• .. any insight as to how to determine which properties are suited for different commands like this? I've thought about mirroring them, where the properties necessary to add are also necessary to remove; but keep feeling that there may be cases where we simply want to remove it, regardless of what new state it may have taken. What indicators can I look for to help make a better decision? – Zymus Feb 23 at 15:34
  • @Zymus (1) ItemAddedToShop is not a command, it is an event. Or it's wrongly named. (2) "where the properties necessary to add are also necessary to remove" This doesn't make sense. I can request data needed for the creation of a resource (e.g. name), but the deletion only requires an identifier. I wouldn't add more to the delete command, for the exact issue you point out: it implies (or begs the question) that the behavior is different if a certain property value is different, which is not functionally relevant to a delete action. – Flater Feb 23 at 15:56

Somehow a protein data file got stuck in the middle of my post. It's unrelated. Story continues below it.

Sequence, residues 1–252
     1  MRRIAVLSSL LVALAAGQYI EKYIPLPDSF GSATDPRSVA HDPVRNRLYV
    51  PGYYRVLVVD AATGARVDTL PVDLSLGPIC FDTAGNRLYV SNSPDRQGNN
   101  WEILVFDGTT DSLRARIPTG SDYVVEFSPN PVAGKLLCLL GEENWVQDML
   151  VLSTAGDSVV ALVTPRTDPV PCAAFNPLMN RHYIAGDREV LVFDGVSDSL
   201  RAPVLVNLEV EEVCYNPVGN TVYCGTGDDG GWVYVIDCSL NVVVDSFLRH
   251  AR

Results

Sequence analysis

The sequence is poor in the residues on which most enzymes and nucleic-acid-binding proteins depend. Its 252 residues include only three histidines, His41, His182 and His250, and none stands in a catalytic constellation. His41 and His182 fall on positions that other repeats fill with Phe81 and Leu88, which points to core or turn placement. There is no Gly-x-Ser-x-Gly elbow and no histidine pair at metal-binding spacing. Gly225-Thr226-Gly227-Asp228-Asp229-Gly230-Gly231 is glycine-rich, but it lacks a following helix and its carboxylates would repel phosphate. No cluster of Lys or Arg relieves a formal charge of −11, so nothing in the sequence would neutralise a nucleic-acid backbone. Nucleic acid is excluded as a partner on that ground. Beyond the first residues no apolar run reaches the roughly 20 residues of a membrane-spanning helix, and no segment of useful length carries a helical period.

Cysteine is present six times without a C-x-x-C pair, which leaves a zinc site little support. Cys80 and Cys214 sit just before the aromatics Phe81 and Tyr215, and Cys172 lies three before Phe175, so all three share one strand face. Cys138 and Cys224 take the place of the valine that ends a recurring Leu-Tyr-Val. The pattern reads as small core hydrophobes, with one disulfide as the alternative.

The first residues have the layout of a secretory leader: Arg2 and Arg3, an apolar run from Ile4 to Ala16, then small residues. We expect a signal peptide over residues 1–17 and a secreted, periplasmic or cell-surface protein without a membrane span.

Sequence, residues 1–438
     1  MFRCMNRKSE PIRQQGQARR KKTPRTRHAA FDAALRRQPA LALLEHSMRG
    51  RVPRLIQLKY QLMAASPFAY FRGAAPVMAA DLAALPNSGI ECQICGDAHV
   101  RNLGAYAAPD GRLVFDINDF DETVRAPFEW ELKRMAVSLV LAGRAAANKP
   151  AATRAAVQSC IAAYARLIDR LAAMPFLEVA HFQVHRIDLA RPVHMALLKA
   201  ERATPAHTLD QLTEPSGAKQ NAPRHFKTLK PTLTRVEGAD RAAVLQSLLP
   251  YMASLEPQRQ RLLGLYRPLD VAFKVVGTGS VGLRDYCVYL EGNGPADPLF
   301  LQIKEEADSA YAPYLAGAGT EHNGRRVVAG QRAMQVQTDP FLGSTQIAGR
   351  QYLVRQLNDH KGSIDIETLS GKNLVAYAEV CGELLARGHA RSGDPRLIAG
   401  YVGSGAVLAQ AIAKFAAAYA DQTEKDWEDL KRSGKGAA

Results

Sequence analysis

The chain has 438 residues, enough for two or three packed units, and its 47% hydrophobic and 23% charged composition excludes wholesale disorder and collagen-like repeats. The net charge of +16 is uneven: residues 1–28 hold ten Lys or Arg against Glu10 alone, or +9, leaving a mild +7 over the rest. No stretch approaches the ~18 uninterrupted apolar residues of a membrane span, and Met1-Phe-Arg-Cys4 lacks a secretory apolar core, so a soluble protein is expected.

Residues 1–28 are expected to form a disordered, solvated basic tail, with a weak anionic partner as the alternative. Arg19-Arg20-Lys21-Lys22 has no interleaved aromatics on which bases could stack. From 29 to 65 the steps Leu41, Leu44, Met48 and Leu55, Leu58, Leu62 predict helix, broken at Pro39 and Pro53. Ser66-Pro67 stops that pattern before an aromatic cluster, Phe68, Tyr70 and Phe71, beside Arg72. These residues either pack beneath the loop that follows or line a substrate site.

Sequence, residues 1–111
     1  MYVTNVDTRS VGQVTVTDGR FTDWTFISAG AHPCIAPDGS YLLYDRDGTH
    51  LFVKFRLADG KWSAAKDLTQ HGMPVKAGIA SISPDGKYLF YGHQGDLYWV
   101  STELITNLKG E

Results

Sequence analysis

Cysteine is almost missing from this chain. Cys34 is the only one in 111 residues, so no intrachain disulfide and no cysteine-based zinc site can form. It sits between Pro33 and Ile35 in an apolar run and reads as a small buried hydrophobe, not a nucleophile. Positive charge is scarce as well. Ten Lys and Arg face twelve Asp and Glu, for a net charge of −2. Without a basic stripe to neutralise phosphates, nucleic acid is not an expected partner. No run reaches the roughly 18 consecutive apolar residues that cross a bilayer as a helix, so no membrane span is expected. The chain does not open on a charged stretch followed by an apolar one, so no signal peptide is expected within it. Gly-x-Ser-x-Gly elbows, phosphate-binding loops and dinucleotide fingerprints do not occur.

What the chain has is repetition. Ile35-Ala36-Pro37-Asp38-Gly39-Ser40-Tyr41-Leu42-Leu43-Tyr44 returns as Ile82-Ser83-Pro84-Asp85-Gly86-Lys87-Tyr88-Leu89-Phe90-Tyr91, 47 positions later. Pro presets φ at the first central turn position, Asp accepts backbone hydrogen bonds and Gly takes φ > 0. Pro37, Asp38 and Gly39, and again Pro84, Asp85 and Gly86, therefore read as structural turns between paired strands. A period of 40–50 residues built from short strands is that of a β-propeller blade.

• @Zymus: (2 continued) That being said, if you need an extra discriminator, then obviously you can add it. For example, only deleting the $2 potatoes from the shop and not the $1 ones. As you can see, the unit price is in this case part of the identifier that you need to recognize the correct item(s) to remove. But whether you need this or not is heavily contextual and I can't just answer this for every possible game structure out there. The average RPG has a very different shop system to an economy simulator, there is no one-size-fits-all answer here. – Flater Feb 23 at 16:03
  • Yes, apologies, stayed up later than I meant to. The command was AddItemToShop, which results in an ItemAddedToShop event. For this particular model, I don't need the extra discriminator, as each Item can only exist in a Shop once, with a specific price. So I wouldn't end up in a case where I have two Potion Items, sold for different prices. In a slightly different Player Shop model, Players can choose the Items they sell, and the prices to sell them for, so the extra discriminator is more useful there, for the exact reason you mentioned. – Zymus Feb 23 at 16:12